And that is just what Jesus is getting at: if someone backslaps you as a slave, disrespecting you as if you are inferior to them, the natural instinct is to strike back, which often only escalates the situation and solves nothing. But what if you did not retaliate? What if you stood up to your attacker – not with force, but with justice on your side?
If you were to turn to him your other cheek, you are daring him to hit you as an equal. By turning your left cheek towards him, it is no longer physically possible for him to backhand you with his right hand. His only option would be to try to punch you with his right hand since he is not likely to use his weaker hand if he wants to escalate things. But if he punches you, he punches you as an equal.
Jesus led by example even as he was being led to the cross. Though He was innocent, He did not even protest. He was oppressed and afflicted, yet he did not open his mouth; he was led like a lamb to the slaughter, and as a sheep before her shearers is silent, so he did not open his mouth. (Isaiah 53:7 NIV)
This doesn’t mean we should be silent as we are being insulted. When I was in eighth grade, I used to walk uphill eight miles both ways in snow up to my waist in only a toga and my trusty linen ephod. Actually it was only about half a mile and I had my trendy Triple Fat Goose coat for colder weather. One day, for no apparent reason, a ninth grader started picking on me as I walked home every day. He would insult me and swear at me, walking behind me most of the way. Thinking turn the other cheek meant keeping my mouth shut, I would try to ignore him and walk faster. It didn’t work. I was mortified every time the final bell rang knowing he would be waiting for me. It was not until I stopped, turned around to face him, and asked him why he was saying such things that I gained his respect as an equal. I didn’t threaten him. I merely showed him I had the courage to confront him and he never bothered me again.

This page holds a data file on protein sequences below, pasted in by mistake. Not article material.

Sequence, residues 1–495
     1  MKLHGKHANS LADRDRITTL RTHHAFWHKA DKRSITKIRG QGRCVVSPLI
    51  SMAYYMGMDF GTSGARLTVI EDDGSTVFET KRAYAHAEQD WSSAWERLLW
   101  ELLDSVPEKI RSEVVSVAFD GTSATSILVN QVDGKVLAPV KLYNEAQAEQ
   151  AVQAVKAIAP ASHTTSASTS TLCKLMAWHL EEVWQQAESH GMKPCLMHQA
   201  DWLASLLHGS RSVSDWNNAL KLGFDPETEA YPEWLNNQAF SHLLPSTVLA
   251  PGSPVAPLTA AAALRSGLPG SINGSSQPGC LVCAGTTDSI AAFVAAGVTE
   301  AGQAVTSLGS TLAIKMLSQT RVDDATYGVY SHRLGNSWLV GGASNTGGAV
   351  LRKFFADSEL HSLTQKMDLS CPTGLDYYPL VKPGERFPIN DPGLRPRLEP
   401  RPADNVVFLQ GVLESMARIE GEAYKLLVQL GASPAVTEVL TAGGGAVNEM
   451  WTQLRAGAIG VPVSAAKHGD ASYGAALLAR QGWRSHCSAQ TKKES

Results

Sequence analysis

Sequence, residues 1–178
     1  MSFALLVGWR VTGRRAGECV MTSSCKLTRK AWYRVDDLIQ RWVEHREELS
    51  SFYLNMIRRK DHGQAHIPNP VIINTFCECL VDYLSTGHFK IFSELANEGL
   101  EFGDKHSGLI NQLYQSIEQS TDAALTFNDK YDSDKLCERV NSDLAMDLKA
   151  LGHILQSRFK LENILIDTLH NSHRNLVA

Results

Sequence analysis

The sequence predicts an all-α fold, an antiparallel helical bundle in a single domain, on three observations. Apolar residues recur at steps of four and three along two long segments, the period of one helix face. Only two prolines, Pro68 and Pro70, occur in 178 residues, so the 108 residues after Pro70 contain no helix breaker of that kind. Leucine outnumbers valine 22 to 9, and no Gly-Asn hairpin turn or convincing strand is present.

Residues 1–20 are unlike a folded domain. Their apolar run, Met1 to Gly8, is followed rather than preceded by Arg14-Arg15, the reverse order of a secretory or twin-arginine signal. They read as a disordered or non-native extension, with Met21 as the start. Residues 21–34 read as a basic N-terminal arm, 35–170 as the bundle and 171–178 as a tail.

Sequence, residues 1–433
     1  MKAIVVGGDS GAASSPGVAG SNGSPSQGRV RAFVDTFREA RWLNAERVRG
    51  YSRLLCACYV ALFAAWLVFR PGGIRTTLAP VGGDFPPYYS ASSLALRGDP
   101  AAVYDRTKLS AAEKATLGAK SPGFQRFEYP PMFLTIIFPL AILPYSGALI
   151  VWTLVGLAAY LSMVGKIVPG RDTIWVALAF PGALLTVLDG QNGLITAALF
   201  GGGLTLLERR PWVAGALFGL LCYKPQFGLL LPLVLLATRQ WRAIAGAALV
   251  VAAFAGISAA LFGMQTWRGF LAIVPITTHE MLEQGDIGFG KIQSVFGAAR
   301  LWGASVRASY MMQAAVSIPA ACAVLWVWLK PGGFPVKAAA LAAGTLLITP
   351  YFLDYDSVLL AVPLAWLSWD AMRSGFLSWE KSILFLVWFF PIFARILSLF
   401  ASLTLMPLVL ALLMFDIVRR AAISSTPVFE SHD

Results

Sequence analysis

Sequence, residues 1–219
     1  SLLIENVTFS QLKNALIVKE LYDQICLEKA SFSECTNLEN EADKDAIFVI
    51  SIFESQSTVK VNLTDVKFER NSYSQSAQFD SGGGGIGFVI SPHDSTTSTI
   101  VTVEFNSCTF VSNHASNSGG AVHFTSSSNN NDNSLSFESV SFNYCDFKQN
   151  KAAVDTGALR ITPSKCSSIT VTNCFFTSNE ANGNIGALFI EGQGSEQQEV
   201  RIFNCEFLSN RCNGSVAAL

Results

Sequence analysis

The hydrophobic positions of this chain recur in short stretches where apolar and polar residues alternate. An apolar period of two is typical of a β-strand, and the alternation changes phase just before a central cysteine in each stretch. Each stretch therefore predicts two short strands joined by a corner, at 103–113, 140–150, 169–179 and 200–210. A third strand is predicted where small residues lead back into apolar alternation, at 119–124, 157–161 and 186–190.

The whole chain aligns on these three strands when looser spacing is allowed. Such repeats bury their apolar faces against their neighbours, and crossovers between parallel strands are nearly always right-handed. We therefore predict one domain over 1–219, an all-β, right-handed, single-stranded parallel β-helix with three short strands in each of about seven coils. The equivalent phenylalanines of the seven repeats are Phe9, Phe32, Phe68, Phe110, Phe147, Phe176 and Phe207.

Does this mean we should allow others to physically beat us mercilessly and repeatedly? No! A battered wife or an abused child should not stay in so destructive an environment. Jesus is not saying to become a doormat.
I was a magnet for bullies when I was younger, but I thought I was supposed to turn the other cheek and let them hurt me in silence. I thought I could not tell any authority figure because there was some unwritten code saying I must not. So I suffered alone in band class being beaten with my own drum sticks, pushed, punched in the stomach, and humiliated. The constant bullying made me physically sick, chronically anxious, and exhausted when I made it home. Confronting him only made things worse, but was worth the try. It wasn’t until my band teacher witnessed my bully grabbing my collar and pinning me up against a wall that the bullying stopped. He never respected me, but he was forced to respect the ones who could make his life miserable with detention, expulsion, and (as was the case for him) boarding school.
You do not have to suffer in silence or alone. When someone bullies you, he is not just doing it to you. At the beginning of both of these verses, Jesus says, “You have heard…” and “But I tell you…” Both “you”s are plural, which means Jesus is speaking to all of “you” who call yourselves disciples of Christ. In the South, singular and plural are more clear so the Redneck Jimmy James Version would be “You all have heard” and “But I tell you all.” When Jesus says “If someone strikes you,” He is using the singular form of “you” because the actual blow is being delivered upon one person, but because He is speaking to “you all,” it is as if the bully is striking “all you all.”
But only if other people know. It is easy for a bully to slap you around. It is much harder for a bully to slap ten people around even if none of them even threaten to retaliate. That is what being a disciple of Jesus is really about: a community of believers who support each other, love each other, and empathize for each other.
Do not remain silent. Tell someone if you are being bullied or abused. As you turn your cheek, turn to others who love you and turn to God who will certainly bring justice in His timing.